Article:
Welcome! Log In Create A New Profile

If you put X pounds of pressure...

Tire Rack: Revolutionizing tire buying since 1979
Buying through this link, gets PB a donation.

Products for your Boxster, Cayman and Carrera.
I'm trying to figure out what kind of cable or fitting i need to screw into the slave. Metric, but what thread size? What flare if any?

The best answer is if anyone has found that, for example, regular brake lines or hoses work....

Grant gee-lenahan-at-vee-eff-email-dot-net
Since apparently no one here knows, and this could be a great time and knuclkes saver, here's what i learned:

Thread on slave is M10 / 1.5.

This means a brake hose (flexible, connects caliper to chassis) will work, if it is male (to slave) and female (at other end, to accept bleeder).

I plan to try

Grant

Grant gee-lenahan-at-vee-eff-email-dot-net
It sounds like you will have the normal "line in"

You then propose to install a flexible "line out" which will hang lower and clearer - thus allowing you the bleed from the far end - and hence remotely.
THAT is something I never once considered. I have hung in awkward positions to get in there to bleed. I always found a way - like the third time of the day -- Thanks TSBL. Of course I forget for the next time.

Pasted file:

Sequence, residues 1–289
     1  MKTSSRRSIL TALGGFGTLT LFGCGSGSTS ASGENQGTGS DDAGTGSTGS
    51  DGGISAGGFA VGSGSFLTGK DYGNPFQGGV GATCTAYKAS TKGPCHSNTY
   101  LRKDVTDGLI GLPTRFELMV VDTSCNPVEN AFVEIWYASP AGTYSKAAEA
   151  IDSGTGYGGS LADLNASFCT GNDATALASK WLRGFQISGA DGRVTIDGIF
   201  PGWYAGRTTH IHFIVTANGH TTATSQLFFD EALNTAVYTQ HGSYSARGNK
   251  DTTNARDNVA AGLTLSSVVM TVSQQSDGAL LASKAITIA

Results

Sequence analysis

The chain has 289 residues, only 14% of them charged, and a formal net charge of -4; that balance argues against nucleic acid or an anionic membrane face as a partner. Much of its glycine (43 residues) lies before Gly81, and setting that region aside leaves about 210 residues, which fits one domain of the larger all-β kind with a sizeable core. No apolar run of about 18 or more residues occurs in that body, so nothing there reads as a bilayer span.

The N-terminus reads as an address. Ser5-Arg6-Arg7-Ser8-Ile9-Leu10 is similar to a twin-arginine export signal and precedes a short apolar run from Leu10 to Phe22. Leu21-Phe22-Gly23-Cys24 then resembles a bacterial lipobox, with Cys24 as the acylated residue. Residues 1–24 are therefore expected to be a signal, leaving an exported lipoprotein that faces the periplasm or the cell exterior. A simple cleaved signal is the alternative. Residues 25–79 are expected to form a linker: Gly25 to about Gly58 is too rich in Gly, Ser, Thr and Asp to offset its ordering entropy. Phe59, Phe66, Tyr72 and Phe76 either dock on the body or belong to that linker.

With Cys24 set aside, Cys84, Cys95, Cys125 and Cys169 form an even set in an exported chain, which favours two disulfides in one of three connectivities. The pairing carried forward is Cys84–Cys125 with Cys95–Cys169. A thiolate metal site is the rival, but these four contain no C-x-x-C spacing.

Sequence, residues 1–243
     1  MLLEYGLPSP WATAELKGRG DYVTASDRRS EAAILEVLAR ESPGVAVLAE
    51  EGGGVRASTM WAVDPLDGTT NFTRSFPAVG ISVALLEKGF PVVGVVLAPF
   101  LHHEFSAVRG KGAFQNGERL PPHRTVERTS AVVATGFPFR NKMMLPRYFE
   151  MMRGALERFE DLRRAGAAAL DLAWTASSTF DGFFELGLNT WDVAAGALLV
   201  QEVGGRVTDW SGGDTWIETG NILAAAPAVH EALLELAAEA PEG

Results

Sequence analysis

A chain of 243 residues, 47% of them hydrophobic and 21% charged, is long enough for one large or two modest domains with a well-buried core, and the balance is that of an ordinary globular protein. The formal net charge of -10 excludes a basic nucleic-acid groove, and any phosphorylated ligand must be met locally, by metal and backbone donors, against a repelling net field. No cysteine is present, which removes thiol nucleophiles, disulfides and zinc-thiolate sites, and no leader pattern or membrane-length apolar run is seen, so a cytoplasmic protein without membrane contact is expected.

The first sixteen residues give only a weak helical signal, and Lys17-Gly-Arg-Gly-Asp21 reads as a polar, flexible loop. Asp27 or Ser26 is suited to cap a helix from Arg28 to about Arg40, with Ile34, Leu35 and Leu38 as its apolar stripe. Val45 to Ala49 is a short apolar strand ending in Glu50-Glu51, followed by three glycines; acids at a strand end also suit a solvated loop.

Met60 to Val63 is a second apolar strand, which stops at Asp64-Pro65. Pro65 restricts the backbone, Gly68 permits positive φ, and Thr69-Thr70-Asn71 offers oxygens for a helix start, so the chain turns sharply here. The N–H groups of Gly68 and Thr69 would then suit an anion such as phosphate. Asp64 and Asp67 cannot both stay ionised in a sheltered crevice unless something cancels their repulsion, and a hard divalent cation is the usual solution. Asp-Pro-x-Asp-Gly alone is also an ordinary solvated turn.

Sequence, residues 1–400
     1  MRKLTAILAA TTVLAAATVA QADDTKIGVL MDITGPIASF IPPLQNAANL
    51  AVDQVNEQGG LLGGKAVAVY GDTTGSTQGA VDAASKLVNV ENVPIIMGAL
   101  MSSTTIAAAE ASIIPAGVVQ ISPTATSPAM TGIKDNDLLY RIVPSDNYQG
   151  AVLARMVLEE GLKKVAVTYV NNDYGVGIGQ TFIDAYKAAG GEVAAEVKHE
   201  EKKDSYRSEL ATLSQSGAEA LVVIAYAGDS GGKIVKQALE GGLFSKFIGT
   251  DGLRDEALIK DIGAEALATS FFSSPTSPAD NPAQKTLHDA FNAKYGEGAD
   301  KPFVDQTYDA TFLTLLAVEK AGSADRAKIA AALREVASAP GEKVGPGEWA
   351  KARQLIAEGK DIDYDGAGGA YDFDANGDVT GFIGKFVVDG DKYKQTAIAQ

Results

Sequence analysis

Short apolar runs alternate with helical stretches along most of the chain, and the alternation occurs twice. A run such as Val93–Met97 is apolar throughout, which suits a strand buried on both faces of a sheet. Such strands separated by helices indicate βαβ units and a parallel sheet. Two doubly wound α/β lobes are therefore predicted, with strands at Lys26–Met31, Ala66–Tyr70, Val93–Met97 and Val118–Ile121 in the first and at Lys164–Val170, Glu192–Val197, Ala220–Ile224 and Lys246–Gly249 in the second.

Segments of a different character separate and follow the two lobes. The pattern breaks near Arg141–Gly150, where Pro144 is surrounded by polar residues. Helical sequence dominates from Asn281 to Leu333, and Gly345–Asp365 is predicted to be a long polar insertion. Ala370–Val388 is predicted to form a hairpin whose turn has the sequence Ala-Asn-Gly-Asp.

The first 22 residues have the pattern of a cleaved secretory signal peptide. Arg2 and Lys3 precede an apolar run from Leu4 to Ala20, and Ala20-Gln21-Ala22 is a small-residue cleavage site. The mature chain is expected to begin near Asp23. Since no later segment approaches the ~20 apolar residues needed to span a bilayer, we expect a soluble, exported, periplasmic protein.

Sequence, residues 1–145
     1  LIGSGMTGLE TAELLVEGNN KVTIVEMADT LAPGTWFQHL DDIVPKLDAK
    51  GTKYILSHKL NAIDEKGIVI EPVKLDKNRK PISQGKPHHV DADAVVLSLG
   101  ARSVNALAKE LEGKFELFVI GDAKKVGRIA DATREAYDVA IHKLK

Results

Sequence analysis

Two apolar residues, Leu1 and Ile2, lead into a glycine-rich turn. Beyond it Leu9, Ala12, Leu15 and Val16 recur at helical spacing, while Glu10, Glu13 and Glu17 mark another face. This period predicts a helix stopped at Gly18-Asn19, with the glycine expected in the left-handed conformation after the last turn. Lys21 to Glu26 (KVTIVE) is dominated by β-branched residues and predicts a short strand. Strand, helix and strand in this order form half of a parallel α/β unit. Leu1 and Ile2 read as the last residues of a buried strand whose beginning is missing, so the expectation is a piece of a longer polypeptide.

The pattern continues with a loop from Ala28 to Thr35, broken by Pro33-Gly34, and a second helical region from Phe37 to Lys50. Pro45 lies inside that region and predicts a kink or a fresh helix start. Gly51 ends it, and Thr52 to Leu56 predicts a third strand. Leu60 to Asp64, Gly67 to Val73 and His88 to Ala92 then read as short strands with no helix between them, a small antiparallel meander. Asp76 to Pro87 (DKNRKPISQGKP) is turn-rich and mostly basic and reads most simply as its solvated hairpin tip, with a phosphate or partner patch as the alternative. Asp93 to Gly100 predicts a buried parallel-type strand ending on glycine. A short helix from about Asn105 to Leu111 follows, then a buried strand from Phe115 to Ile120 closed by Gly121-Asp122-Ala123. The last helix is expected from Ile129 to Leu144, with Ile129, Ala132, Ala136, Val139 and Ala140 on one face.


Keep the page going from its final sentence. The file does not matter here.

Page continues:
ARe you going to remove the remote line after bleeding? Doesn't that add air to the system? If you are going to leave it hanging - is that safe? Assuming that the line is closed and pressurized, wouldn't it be tensioned by the high pressure fluid? I would doubt it would remain just hanging there. What would it interfere with?

This sounds interesting as a concept, but I would really like to think this through.
Again, screw a lien into the hole the bleeder nipple normally resides in. Now screw the bleeder into the other end of that hose.

Its just a line. As long as it is tight, and secured, it should simply extend the bleeder to where i can easily reach it.

Why would it move?

A factory brake line is designed for much higher pressure.

Grant

Grant gee-lenahan-at-vee-eff-email-dot-net
If you put high pressure into that line, I am not sure it would remain "flaccid." I am thinking that if the line were highly pressurized it would become "erect."

Yes, it is a metaphor and I do not intend to be crude. But the point, I think is valid. The loose end would need to be anchored as well or the line would likely move due to being pressurized.
It looks like the Kit above has a mount which will prevent such movement.

I continue my original comment. Make sure you think this through. I do not know if the pressure is high enough or whatever. But think it though and test before going on the track or whatever.
had the chance to speak to a few Porsche techs at WGI this weekend - aside form the above that we're all scratching our heads over, no show stoppers. Apparently common on race cars.

G

Grant gee-lenahan-at-vee-eff-email-dot-net
Here is a ready kit you can buy.
kit



Edited 1 time(s). Last edit at 07/26/2017 02:39PM by carlos in Montreal. (view changes)
thanks anyway, i'll call

One drawback, that's $150 vs $15 if my brake line idea works...

Grant



Edited 1 time(s). Last edit at 07/26/2017 04:04PM by grant. (view changes)

Grant gee-lenahan-at-vee-eff-email-dot-net
Sorry, only registered users may post in this forum.

Click here to login